Saturday, March 9, 2013

New Garden Revealed

After seven months of workers and inspectors and three-jurisdiction permit purgatory, my life is at last quiet. And heres where I spend hours a day on this 11 x 17-foot screened-in porch. A bug-free place to work and read and nap, with my three indoor cats. Heaven.

With the porch done, it was time to install the flagstone patio and walkway. Whats left for me to do is to plant more plants, and to make enough concrete pavers to form a path to the storage shed door. A DIY job right up my alley (no skill required).

Plant suggestions?
Above you see the largest area that needs filling in. At the back of this section, along the property line, I planted a Shasta doublefile viburnum, which you have to imagine at 15 or so feet tall, and a Ghost Weigela, which has yellow-green foliage and will soon be 5 x 5. In front of it are three Morning Light Miscanthus from my old garden, and then bare mulch awaiting maybe swaths of a couple of perennials. The space gets about four hours of sun.

Above you see the 3 Abelia species that I planted in April and have seen sprout up with impressive speed. Go, Abelia! Id never grown them before and had always loved their smell. To their right is a Fothergilla, another plant Id never grown before, and I must say its taking its sweet time growing.

Above is the view from the sidewalk at the bottom of the yard, where I planted three Cryptomerias to provide screening. Theyre gorgeous, soft to the touch, and grow surprisingly fast. To cover some of the shed Ive planted a crossvine and a climbing hydrangea.

Heres another somewhat empty and definitely problematic space between the porch and the neighbors privacy screen. On the left are some of the Blue Billow lacecrap hydrangeas I found on sale for 15 bucks each, and on the right, some of the Blue Maid hollies that are supposed to screen the screen. Im looking for someplace to hide the garden hose maybe one of those round terra cotta holders?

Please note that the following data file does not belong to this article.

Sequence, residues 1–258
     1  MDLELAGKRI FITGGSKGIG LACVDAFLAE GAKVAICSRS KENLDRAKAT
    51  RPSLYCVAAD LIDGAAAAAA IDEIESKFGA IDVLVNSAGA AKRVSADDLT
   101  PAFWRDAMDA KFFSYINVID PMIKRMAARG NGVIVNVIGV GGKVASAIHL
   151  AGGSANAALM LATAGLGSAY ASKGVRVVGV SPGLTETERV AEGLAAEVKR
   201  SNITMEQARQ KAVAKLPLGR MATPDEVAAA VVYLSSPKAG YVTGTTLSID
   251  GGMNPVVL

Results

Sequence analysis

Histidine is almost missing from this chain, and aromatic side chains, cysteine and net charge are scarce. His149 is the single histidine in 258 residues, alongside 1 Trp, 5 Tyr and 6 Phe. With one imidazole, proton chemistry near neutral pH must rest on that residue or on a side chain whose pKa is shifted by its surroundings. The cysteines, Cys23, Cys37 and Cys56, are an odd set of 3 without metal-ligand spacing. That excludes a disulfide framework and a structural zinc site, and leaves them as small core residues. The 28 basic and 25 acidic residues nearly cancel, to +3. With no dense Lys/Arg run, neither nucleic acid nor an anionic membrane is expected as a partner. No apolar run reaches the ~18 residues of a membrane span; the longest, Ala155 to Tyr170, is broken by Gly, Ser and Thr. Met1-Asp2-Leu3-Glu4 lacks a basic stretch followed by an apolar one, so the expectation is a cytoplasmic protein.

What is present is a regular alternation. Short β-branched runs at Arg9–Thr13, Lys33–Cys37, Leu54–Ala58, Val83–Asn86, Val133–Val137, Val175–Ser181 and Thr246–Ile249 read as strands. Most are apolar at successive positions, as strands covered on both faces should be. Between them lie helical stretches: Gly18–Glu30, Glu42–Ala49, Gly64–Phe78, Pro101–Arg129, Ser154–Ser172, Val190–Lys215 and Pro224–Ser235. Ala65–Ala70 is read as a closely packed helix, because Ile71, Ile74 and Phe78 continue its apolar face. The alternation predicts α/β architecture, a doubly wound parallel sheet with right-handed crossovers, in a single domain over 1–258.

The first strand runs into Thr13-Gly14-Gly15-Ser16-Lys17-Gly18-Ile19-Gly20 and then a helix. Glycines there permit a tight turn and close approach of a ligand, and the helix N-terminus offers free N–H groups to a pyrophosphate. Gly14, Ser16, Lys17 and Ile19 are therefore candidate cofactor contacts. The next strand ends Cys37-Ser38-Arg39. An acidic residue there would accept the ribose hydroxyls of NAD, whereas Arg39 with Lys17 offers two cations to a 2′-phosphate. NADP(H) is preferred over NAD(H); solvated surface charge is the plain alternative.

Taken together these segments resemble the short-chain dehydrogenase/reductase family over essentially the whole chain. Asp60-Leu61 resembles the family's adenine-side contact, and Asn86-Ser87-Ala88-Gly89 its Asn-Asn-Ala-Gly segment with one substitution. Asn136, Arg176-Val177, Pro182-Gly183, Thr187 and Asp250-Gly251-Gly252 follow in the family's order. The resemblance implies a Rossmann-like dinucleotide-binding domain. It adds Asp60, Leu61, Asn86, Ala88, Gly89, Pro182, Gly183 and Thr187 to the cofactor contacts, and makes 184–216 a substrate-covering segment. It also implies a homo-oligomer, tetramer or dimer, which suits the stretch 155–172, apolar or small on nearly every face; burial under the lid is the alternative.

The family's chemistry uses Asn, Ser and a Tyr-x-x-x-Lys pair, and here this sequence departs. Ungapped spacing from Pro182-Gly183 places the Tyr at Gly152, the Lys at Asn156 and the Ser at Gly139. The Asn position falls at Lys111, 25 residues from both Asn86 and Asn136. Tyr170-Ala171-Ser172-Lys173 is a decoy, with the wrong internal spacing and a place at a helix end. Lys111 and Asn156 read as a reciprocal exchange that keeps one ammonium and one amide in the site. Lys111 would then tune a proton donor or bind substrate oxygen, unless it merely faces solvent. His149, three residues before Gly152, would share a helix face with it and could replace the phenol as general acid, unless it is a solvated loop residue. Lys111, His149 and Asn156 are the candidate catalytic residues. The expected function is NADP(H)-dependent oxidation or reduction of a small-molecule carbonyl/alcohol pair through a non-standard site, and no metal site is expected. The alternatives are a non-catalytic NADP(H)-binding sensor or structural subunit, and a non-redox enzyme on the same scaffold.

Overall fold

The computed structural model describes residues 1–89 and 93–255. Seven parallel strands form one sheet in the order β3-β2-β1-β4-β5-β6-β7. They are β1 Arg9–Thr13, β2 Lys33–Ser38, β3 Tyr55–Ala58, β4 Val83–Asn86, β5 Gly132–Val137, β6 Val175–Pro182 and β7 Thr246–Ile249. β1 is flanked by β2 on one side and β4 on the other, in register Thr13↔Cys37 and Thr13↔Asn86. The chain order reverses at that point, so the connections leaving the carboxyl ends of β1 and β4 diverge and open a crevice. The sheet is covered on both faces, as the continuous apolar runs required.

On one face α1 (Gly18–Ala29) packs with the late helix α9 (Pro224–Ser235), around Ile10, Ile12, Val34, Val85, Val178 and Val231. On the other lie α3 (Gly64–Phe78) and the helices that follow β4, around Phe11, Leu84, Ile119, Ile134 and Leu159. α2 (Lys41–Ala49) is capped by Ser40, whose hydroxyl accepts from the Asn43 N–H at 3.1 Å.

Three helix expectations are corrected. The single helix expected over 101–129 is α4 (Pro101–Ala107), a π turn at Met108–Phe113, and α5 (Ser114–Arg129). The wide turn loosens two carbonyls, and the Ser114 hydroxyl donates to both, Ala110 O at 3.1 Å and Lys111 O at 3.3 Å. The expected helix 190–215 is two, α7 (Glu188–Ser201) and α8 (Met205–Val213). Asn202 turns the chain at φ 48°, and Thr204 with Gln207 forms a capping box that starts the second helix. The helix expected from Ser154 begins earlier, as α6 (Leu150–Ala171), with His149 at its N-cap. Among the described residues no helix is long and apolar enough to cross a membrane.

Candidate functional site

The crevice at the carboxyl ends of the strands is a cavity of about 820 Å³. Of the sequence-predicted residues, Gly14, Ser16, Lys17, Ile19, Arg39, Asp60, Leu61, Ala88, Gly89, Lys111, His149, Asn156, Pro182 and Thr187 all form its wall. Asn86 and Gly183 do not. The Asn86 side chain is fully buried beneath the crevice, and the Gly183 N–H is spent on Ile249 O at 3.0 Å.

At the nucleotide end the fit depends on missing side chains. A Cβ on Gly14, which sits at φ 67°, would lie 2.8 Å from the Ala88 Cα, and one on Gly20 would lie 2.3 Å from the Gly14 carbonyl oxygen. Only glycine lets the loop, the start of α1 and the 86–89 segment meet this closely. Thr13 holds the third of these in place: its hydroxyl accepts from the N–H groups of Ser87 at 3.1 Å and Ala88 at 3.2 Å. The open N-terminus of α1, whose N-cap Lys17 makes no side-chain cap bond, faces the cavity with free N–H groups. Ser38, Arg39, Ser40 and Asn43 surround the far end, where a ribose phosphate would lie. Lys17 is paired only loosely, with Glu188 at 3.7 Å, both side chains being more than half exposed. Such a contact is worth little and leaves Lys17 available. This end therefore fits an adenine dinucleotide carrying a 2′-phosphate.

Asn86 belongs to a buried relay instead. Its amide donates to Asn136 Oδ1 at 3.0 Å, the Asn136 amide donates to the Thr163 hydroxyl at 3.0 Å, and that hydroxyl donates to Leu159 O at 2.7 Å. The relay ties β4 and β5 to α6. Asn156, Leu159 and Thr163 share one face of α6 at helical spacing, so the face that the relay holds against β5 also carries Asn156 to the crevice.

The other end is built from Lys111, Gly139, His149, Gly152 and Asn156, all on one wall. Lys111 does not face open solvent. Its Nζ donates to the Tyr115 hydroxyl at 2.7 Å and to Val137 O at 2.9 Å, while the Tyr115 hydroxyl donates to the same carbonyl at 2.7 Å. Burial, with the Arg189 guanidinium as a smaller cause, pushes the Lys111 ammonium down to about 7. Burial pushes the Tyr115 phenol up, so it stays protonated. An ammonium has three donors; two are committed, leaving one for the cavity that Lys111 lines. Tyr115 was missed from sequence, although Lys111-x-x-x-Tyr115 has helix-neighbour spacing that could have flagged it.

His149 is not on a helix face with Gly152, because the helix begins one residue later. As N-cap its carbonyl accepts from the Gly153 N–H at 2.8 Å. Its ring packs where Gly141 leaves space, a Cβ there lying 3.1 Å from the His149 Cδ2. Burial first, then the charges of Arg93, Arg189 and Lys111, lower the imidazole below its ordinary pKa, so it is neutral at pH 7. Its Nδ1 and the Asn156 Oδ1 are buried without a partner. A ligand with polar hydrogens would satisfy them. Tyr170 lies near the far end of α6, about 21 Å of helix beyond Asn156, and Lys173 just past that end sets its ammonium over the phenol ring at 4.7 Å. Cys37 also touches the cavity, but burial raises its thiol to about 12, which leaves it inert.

Problems, failures so far
  • Some of my new plants are dying! Yes, the Blue Maid hollies are infected with some fungal disease or other (according to the garden center diagnosticians) and you know how that goes those fungicides are much better at prevention than cure. So of the seven hollies I bought in April that are super-important for providing screening, one is gone and another is done for. Damn.
  • Speaking of screening, as I sit on my porch my primary view is of the back-neighbors storage area. So Im wishing Id spent more and bought Cryptomerias already tall enough to accomplish that job. (Patience is something I could use more of in this department.) I checked the before photo of the garden and noticed that a large burning bush did a splendid job of hiding the storage area, but I hated it and it had to go. So this is a case of things getting worse before they slowly get better.
  • Finally (for now), the soil here is crappy hard-packed clay. My original plan to hire someone to amend it with compost was itself amended by the reality of the humongous amount of compost involved almost a thousand bucks worth in bags, since theres noplace to dump a truckload. Instead, I paid a worker just to remove the existing shrubs that burning bush, and a bunch of misshapen azaleas. Soil amendment will have to come plant by plant, as I mix compost into each planting hole. Plus, Im counting on earthworms to turn the nice organic mulch Im using into decent topsoil, eventually. Maybe in time for the next gardener here.

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